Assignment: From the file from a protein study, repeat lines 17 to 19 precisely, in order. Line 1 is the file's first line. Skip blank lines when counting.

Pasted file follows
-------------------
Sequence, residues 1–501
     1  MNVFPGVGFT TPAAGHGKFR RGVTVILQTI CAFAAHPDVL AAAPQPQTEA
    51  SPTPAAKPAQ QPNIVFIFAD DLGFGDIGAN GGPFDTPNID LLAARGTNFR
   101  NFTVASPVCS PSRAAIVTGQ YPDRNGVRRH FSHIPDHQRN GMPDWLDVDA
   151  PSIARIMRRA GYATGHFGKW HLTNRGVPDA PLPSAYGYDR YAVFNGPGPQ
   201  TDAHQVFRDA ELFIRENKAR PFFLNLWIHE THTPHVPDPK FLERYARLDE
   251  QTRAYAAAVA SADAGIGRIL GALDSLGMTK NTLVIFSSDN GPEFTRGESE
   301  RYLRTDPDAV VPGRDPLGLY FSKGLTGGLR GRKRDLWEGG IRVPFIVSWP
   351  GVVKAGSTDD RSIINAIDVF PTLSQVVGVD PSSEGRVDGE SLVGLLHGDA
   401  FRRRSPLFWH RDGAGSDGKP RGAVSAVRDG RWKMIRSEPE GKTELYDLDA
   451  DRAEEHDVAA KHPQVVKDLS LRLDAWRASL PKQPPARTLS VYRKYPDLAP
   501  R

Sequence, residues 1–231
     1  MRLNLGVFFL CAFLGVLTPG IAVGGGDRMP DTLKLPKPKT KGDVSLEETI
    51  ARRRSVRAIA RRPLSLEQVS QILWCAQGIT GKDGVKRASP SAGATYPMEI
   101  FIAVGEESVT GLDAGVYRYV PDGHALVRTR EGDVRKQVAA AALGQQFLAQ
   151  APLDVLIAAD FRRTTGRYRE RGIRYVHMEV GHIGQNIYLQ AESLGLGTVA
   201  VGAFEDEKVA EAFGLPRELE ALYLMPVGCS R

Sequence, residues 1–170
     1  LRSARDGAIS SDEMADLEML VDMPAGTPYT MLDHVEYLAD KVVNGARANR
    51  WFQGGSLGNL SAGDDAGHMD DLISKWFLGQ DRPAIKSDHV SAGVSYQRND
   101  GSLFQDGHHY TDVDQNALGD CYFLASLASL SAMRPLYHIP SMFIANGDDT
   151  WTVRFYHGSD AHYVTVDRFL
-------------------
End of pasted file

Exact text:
   151  APLDVLIAAD FRRTTGRYRE RGIRYVHMEV GHIGQNIYLQ AESLGLGTVA
   201  VGAFEDEKVA EAFGLPRELE ALYLMPVGCS R

Sequence, residues 1–170